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    I've been "the quiet one" for as long as I can remember, but unfortunately about a year ago now I realised that shyness had developed into anxiety, in particular social anxiety.
    At school I was just the one who wouldn't raise their hand to answer questions, but now it's more serious than that and I find it so difficult to look people in the eye let alone speak to them.
    I get panic attacks whenever I have to do something I haven't done before (outside of my comfort zone) and because of this it means that I haven't gone to university, I haven't got any friends, I've never had a boyfriend, I don't talk to anyone except my family, I haven't been able to have driving lessons and I don't have a job or any career prospects.
    My anxiety has now caused me to feel really depressed and just rubbish and pathetic.
    I'm 19 now and just fed up of feeling this way. I'm going to the doctors next week again but no doubt they'll just prescribe me with some other medication that has no effect whatsoever.

    Any advice on what to do? Has anyone else been in this situation before? How did you recover? What options do I have?
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    Hi,
    I'm sorry to hear that you've been feeling this way. I'm in a very similar situation myself and can absolutely understand where you're coming from, especially the part about breaking free from your comfort zone and trying new things; I just struggle to find the motivation to do so myself.
    Have you tried asking your doctor to refer you for therapy? I'm currently receiving CBT. If I'm completely honest I don't feel like it's helping me at all, though I believe it may be because my issues derive from depression more so than anxiety, and from what I've experienced at least, CBT seems to focus heavily on anxiety disorders, so perhaps it would suit you better than it does me.
    One of my biggest regrets is not seeking help when I really needed it, so if you don't feel like your doctor is listening to your concerns, and working with you to find a solution, perhaps try speaking to a different one.
    Hope things get better for you soon, feel free to PM me if you need to talk.



    (Original post by Anonymous)
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    (Original post by Dropout_06)
    Hi,
    I'm sorry to hear that you've been feeling this way. I'm in a very similar situation myself and can absolutely understand where you're coming from, especially the part about breaking free from your comfort zone and trying new things; I just struggle to find the motivation to do so myself.
    Have you tried asking your doctor to refer you for therapy? I'm currently receiving CBT. If I'm completely honest I don't feel like it's helping me at all, though I believe it may be because my issues derive from depression more so than anxiety, and from what I've experienced at least, CBT seems to focus heavily on anxiety disorders, so perhaps it would suit you better than it does me.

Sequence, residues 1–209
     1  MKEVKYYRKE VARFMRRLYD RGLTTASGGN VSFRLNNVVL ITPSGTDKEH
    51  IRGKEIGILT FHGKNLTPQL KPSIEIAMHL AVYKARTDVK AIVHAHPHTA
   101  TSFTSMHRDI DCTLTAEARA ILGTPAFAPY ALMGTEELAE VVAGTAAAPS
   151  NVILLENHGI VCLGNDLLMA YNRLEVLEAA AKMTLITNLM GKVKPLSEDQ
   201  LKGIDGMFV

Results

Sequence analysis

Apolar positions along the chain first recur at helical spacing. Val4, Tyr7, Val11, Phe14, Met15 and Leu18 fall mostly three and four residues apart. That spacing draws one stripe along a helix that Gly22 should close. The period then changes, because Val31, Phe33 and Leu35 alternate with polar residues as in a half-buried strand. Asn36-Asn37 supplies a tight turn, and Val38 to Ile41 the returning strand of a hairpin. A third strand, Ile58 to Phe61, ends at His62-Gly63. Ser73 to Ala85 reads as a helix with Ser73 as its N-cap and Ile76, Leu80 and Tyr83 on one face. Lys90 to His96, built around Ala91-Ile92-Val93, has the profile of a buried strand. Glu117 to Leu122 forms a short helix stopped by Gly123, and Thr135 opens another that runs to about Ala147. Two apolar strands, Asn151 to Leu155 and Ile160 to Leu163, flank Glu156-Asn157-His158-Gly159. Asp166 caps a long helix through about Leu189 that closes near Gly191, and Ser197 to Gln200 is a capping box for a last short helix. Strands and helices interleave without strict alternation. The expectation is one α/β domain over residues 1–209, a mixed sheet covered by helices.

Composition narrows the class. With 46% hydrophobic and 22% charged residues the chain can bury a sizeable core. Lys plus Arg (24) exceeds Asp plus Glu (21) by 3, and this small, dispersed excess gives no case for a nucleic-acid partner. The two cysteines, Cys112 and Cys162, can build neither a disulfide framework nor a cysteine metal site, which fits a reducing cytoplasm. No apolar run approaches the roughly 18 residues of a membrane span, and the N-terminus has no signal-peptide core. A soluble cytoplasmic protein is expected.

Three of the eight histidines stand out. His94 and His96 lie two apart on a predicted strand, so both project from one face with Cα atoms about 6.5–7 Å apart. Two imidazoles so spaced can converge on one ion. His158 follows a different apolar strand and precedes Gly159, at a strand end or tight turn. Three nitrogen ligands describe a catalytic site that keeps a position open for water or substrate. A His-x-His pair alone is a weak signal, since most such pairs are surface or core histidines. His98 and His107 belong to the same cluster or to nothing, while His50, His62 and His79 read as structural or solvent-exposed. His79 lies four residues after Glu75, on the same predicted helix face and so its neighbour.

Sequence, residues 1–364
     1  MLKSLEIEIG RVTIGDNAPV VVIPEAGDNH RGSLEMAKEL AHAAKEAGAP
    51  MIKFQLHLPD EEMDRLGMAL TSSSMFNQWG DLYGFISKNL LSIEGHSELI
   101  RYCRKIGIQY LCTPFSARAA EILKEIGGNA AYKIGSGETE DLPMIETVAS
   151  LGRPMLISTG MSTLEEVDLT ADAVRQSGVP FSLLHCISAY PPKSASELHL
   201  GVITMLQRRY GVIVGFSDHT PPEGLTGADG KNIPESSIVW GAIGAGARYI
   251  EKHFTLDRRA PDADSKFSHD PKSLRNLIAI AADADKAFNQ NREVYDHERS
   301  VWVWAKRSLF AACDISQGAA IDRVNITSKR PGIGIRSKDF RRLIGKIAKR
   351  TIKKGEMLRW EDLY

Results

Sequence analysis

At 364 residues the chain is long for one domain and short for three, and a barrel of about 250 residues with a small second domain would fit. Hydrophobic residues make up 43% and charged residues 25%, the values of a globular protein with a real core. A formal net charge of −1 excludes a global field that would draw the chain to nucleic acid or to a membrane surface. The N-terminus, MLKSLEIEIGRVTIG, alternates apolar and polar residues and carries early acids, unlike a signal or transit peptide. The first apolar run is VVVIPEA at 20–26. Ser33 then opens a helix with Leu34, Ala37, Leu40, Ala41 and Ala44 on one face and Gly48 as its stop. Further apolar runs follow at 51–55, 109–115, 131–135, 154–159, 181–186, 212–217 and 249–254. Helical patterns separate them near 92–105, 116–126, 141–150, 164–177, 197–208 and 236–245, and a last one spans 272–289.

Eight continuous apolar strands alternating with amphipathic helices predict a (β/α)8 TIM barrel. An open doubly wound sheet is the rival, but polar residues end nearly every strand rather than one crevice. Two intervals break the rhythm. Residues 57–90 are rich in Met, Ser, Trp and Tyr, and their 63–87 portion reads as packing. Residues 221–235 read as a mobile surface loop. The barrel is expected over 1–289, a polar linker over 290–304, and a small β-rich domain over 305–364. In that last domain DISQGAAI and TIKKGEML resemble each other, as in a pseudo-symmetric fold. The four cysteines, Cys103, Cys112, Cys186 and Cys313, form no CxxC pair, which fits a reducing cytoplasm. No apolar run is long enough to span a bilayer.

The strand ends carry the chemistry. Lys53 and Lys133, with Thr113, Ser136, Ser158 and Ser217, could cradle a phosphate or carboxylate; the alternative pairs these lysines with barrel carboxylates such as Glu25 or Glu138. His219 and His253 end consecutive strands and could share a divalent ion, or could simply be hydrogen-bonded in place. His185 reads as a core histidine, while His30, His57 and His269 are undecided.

One of my biggest regrets is not seeking help when I really needed it, so if you don't feel like your doctor is listening to your concerns, and working with you to find a solution, perhaps try speaking to a different one.
    Hope things get better for you soon, feel free to PM me if you need to talk.
    I agree with this post. The absolute worst thing you can do is suffer alone. I did a similar thing for a couple years and all it does is make things worse. You should see your GP. They will likely put you on the waiting list for CBT (this used to be around 6/8 weeks) and offer you medication. I have also had quite a lot of CBT and don't think it helped that much. It does help a lot of people, so everybody should try it who is suffering from anxiety and/or depression. Medication had a bigger effect for me.

    I have definitely not recovered, but I believe the medication has had a positive effect on my mental health. I still find it hard to do social things and go out, but I'm better than I was.
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    hey, anxiety is tough and there are many ways that it can be dealt with, if you tell the doctor you dont want to be on medication, they should send a referal through to IAPT and they can help you get access to therapies that can help you, and sometimes i find that once i am actually out of my room or house and going to the thing that is causing the worry because it helps make you realise that its not as bad, but thats just me
 
 
 
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